Parenting With Disability

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Face-to-face interaction and education of a student with a disability can be a difficult task but so can teaching a student whose parent/s has a disability. There are countless factors that need to be considered in order to make the family as well as the student feel comfortable in their school and community. The inclusion of a parent with a disability is just as important as the inclusion of a child whether they have a disability or not. The acknowledgment of them as an independent individual is empowering and reflects the entire community’s spirit. It is mainly through the exploration of the report “More Than getting Through the Gate” (Disability council of NSW, 2001) that I began to understand just how much needs to be taken into consideration. …show more content…
In the week 8 tutorial, my class discussed possible stereotypes that would stop parents from becoming involved. There is a growing concern regarding the stress on parents with a disability leaving a burden on their child, putting them in a position where they need to grow up early and take responsibility of activities that their parents cannot perform due to their disability. By taking on extra tasks at home, it can hinder the outcomes of the students school work. In a study run by Susan Collings, to discover whether students with a parent with an intellectual disability are greatly disadvantaged in the classroom, results showed that there are no major difference between those with and those without a parent who has an intellectual disability (Collings & Llewellyn, 2016). This can be used to rebut a common stereotype that parents with a disability can create a burden on their child. However, to assist students in the classroom who have parent at home with a disability the community and school environment can support the family adequately through compromise and conversing issues then the student will be able to reach their full potential in schooling and socialising …show more content…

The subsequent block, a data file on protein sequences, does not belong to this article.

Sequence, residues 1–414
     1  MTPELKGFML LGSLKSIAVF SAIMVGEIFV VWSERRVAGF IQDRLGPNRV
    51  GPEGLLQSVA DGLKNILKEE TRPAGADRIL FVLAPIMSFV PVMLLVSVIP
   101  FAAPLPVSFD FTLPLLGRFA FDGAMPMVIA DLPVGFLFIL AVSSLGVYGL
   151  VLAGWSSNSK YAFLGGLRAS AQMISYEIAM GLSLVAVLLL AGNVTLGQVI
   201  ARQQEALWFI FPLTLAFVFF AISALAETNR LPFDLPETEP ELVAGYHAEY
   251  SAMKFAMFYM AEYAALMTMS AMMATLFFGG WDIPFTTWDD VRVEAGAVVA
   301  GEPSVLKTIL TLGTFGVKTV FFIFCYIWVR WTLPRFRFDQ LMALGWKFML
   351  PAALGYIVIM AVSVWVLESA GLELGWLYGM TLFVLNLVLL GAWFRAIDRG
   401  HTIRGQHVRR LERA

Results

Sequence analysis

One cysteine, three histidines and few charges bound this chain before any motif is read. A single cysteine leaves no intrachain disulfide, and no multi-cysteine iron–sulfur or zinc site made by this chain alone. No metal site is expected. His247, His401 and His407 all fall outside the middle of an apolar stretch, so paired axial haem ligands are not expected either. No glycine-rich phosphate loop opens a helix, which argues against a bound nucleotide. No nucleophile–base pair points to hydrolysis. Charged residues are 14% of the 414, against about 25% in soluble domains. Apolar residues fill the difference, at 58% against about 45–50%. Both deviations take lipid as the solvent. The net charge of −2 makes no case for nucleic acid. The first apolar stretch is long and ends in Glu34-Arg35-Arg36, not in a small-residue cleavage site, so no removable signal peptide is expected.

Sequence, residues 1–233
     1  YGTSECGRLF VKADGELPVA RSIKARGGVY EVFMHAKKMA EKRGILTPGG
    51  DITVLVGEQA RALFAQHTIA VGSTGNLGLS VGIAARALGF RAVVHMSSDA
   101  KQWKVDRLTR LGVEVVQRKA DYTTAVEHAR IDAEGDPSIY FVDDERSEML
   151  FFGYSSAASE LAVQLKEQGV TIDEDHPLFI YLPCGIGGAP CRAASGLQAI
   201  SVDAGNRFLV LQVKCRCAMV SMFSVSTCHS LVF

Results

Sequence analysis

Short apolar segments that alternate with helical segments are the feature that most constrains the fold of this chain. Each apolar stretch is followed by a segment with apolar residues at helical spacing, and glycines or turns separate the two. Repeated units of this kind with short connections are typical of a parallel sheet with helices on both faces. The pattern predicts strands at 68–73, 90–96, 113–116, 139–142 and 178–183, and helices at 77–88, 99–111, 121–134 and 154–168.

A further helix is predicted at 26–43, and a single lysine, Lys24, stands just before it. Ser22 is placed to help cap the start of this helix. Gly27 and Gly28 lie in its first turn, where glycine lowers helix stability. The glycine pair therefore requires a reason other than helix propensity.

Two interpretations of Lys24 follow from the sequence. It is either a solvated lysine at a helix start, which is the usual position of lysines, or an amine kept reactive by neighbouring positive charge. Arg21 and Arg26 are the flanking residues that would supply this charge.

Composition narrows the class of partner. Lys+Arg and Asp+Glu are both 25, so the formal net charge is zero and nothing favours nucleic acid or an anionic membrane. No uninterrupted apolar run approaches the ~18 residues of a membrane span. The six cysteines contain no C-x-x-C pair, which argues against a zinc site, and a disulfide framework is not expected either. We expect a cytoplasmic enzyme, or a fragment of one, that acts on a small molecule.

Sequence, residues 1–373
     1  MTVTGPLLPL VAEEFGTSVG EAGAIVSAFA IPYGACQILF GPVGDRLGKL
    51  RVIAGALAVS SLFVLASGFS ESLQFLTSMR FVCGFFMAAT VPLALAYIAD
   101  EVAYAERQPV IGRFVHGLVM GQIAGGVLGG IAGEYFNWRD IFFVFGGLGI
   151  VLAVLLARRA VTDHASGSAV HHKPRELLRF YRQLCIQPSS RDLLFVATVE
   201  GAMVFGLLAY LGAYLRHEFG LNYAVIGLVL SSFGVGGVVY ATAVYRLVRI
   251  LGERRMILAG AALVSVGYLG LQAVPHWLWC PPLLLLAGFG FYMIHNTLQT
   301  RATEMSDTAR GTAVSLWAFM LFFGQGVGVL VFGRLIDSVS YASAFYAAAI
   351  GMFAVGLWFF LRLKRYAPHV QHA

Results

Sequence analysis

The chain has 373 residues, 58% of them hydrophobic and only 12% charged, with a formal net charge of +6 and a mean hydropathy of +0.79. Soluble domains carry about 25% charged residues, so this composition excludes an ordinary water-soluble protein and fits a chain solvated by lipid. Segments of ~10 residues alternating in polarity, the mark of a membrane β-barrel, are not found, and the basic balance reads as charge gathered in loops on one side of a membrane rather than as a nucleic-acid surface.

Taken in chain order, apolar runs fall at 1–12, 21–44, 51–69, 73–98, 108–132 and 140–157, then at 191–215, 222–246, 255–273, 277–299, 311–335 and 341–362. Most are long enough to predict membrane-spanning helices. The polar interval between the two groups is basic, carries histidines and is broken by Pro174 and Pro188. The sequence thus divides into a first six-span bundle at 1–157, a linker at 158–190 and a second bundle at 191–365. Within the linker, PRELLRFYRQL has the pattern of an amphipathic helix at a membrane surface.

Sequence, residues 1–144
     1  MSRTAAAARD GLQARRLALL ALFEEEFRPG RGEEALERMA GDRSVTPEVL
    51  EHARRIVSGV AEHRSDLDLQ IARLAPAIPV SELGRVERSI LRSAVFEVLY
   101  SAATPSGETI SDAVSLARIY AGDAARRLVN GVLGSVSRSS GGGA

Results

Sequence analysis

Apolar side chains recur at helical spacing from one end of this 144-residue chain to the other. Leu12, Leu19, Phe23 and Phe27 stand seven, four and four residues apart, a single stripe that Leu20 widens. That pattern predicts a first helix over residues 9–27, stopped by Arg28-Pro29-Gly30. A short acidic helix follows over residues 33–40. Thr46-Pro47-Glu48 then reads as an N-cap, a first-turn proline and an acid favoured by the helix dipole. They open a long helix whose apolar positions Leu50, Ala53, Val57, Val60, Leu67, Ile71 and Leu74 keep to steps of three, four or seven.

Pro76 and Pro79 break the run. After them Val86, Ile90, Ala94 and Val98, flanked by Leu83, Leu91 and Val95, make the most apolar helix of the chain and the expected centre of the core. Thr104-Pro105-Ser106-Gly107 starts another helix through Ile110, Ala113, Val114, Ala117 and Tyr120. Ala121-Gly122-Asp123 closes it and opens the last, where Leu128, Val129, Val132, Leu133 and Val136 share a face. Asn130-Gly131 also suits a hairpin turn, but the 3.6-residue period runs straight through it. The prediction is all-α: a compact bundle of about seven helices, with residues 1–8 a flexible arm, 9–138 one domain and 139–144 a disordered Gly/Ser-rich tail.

Although inclusion in a community is never clearly defined, those with an intellectual disability can be facilitated as those on the “outside looking in” (Llewellyn & Gustavsson, 2016). To eliminate this others looking in effect for parents in a schooling system, principal and teaching staff can be provided training on how to deal with certain disabilities. For example, a parent with an intellectual disability can receive an excursion form for their child to visit the zoo, great difficulty could follow this as some instructions or requirements may not be fully understood by the parent, therefore concern for their child could follow. To avoid this happening, staff can note which students live with a parent who has a disability and can receive an altered and simplified form which also includes a phone number for any follow up queries that the parent may have. This procedure is highlighted in recommendation 1 of “More Than getting Through the Gate” (Disability council of NSW, 2001). This is just one of the many basic changes that can be made to help parent/s with a disability in schools.
Students provide their parents numerous opportunities to reach out in the community and “be there” in the local community (Llewellyn & Gustavsson, 2016). People with a disability is the most excluded group in many communities, it is through recognition and understanding that these

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